Monday, January 22, 2007

Complexity Textbooks

A reader asks
What are currently considered to be the best textbooks for complexity? I know the choice is small (Papadimitriou is probably still the best even if it is very outdated and somewhat buggy), do most of the lecturers just write their own lecture notes? Is there a set of notes that is especially popular and also used by others. I also know the upcoming book by Arora/Barak but it's still far from complete, would you recommend it for teaching?
You have more choices than you think with textbooks by Homer and Selman, Hemaspaandra and Ogihara, Ko and Du, Wegener, and several others. Also several complexity theorists have put their lecture notes on line, quite a valuable resource. Jin-Yi Cai has the makings of a textbook from his lecture notes.

The topics and style of a computational complexity course varies from instructor to instructor and no single book would work for all. You really just need to find what best works for you and your class.

I personally don't use a textbook when I teach graduate complexity. I've been so close to the field no book would fit my philosophy unless I write it myself. And that's not going to happen anytime soon.


  1. There is an excellent book that is in preparation, but in a very mature stage, by Oded Goldreich. It can be found here:

  2. Dexter Kozen's new book on Theory
    of Computation (in a lecture like
    format similar to his book on
    algorithms) has a nice collection of

  3. Can you get rich by writing a book?

  4. Yes, of course. It might be hard though to get rich with a book on complexity theory.

  5. Conspicuous by it's absence
    is ofcourse, Sipser's book.

  6. I also know the upcoming book by Arora/Barak but it's still far from complete, would you recommend it for teaching?

    I used an earlier version of the Arora-Barak book for a course several years ago and I was very happy with it. (The course began with the polynomial-time hierarchy and students had already seen NP-completeness and basic space complexity.) It had a great selection of topics - though not all I wanted to cover, well thought out presentations that did not merely mimic the original papers, and far fewer bugs than more than just one of the published texts listed.

  7. Why are you not going to write your own textbook anytime soon ?
    Are you too busy writing papers ?
    (and blogging!)

  8. It is a shame that no good complexity text exists (I don't consider the Papadimitriou one very good, and anyway it is now outdated), I am glad to see that Goldreich and Barak/Arora are addressing the issue. You can also check out Goldreich's online lecture notes (which are less complete but possibly easier to read than his book if you already know the material).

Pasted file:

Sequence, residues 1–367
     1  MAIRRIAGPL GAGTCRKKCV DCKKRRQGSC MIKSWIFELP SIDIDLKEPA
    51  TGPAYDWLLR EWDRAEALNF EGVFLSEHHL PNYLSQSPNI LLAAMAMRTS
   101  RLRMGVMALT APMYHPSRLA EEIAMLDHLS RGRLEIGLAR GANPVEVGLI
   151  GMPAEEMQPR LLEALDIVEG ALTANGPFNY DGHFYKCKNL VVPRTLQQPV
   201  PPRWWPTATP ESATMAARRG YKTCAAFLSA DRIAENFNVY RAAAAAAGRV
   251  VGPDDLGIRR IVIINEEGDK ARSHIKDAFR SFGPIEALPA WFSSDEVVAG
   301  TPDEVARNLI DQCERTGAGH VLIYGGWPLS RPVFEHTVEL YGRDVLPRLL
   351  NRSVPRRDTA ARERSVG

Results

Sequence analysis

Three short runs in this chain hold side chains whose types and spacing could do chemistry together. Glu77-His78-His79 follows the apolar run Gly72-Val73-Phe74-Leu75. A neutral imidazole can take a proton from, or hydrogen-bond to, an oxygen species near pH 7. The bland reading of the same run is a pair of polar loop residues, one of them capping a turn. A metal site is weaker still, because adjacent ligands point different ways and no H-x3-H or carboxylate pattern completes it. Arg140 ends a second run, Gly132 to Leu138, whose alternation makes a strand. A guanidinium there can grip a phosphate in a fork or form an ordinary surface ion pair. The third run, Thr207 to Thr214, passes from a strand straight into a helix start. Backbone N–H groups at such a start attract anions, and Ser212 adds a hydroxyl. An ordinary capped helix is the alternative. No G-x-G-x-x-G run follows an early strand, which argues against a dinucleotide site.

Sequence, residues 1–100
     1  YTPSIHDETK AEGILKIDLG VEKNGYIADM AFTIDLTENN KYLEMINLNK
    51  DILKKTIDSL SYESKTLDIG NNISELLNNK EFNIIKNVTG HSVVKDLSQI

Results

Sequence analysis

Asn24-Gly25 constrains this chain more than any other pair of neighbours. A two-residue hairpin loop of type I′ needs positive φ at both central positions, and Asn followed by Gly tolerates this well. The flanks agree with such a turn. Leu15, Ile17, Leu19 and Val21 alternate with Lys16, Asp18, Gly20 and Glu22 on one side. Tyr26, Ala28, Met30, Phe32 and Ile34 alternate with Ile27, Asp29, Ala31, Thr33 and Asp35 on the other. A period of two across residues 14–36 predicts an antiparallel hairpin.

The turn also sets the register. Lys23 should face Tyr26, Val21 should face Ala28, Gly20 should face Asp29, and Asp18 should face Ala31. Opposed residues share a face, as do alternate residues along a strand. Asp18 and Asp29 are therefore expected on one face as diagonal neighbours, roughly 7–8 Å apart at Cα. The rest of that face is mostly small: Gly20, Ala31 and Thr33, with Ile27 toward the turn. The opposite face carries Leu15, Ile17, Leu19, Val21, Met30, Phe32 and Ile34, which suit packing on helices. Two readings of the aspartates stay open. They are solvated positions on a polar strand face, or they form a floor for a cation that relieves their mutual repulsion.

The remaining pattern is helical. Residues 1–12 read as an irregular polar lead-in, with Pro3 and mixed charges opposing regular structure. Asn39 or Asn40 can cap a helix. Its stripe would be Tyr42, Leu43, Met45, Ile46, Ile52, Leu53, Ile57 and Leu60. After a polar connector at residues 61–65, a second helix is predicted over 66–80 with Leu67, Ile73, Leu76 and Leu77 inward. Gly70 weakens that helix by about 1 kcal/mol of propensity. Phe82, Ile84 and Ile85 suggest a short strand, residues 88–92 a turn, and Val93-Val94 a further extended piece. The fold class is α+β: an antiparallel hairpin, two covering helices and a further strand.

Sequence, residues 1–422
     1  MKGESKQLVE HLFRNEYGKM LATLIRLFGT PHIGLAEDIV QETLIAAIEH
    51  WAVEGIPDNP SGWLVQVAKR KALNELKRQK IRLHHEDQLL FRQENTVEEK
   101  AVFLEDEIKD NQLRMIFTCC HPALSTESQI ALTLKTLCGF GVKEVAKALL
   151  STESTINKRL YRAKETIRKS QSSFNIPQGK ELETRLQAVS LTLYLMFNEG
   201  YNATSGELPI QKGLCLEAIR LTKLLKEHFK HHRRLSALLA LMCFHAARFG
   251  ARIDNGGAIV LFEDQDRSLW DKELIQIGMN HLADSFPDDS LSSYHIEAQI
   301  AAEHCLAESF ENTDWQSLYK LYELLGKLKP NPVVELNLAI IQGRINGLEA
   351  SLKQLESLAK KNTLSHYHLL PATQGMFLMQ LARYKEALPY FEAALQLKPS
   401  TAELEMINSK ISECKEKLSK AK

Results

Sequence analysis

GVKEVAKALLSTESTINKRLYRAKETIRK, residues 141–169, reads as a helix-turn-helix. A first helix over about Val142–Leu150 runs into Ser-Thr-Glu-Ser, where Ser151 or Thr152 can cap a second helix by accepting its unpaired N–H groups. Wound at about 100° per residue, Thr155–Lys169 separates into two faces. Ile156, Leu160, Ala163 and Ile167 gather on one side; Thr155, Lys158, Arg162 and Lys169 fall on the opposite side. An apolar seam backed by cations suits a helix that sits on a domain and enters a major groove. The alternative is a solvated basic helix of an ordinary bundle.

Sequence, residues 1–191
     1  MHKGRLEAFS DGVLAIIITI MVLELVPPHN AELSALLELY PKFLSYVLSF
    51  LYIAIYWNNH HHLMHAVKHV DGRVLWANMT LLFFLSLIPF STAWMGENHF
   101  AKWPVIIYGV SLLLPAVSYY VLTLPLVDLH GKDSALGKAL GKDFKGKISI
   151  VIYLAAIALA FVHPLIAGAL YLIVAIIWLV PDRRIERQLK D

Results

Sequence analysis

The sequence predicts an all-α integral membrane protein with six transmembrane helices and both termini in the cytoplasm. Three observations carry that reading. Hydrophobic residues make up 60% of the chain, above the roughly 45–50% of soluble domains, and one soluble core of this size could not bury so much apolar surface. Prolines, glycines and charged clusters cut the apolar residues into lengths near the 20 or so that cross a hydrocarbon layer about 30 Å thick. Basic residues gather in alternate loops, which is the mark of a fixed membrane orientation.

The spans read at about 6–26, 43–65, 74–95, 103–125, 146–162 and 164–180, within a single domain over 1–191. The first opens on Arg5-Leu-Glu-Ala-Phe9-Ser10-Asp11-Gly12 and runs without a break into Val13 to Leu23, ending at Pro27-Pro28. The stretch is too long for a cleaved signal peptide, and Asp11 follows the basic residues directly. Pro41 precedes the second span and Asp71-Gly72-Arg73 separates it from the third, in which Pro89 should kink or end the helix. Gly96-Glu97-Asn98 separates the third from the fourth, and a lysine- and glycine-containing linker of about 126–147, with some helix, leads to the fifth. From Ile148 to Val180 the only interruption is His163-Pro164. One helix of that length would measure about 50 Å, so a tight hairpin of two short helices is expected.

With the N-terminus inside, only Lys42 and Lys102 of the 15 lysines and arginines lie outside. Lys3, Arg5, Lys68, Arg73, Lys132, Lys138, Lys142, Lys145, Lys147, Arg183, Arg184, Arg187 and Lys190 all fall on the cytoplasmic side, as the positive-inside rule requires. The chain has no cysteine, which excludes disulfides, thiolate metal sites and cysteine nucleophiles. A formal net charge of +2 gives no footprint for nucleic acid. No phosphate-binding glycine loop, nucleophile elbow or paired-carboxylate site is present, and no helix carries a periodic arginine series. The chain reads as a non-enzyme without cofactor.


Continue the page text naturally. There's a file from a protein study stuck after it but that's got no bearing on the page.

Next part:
Lance, I am curious why you would not use any other book for your course. Is what you teach really that different from, say, what is in Gooldreich's book?

  9. I am also very happy with what I've read of Arora/Barak.

    Related question--who (online or in print) has got the best problem sets and/or puzzles about or germane to complexity theory?

    It would be nice if paper authors occasionally had the humility to say in the abstract, e.g., 'Theorems 4 and 5 could be proved by an undergrad', just to point people to opportunities to develop their chops. Wishful thinking, though...

  10. Yes; the selection of complexity texts has improved a lot in the past few years.

    Regarding the ones mentioned that I've looked at much:

    Du and Ko is quite fine. My primary complaints, having spent a fair bit of time with it are exercise errata and proof readability. The proofs tended to be not so much terse as much as just having too much internal coupling. I needed to keep track of around twice as many details as necessary to follow the typical proof, requiring a half dozen rereads until I really understood what was going on.

    Still a perfectly decent book! I only say a lot about it because the course I took used it. I've since given it a thorough but not quite complete readthrough. It's probably a step up from your typical graduate text. Be particularly wary of definitions contained in exercises, because that's where a lot of the exercise errata lie.

    Hemaspaandra and Ogihara is targeted at a slightly higher level; I don't believe it's intended for a first course in complexity.

    Someone mentioned Sipser, which is the other way around. It's targeted at an intro-to-theory course that would be a prereq for a course on complexity. Second edition is really nice, but I hear that first edition has excessive errata.

    I don't know that much about the rest, as of yet.

  11. Laci Lovasz's lecture notes from a complexity course 10 years ago are also online.

    Seemed fine when it was used for a course I took, but haven't compared it to other texts on the subject.

  12. Here at the University of Minnesota, the grad level computational complexity course taught every few years by the excellent Professor Sturtivant, who lectured almost entirely from memory (including proofs!), we used Sipser and Du and Ko together, mostly for the homeworks. Since I am "just an undergrad" I found Sipser much easier to read, but Du and Ko had a more material. My biggest complaint was that the notations between those two books, the discrete math book, and the algorithms book were all slightly different, which made cross referencing annoying. I don't think that any of the books had legends for the notation, either, preferring that you figure out their conventions from the contexts.

    Unfortunately I seem to have taken all of the theoretical computer science classes here at the U, so there's nothing left for grad school.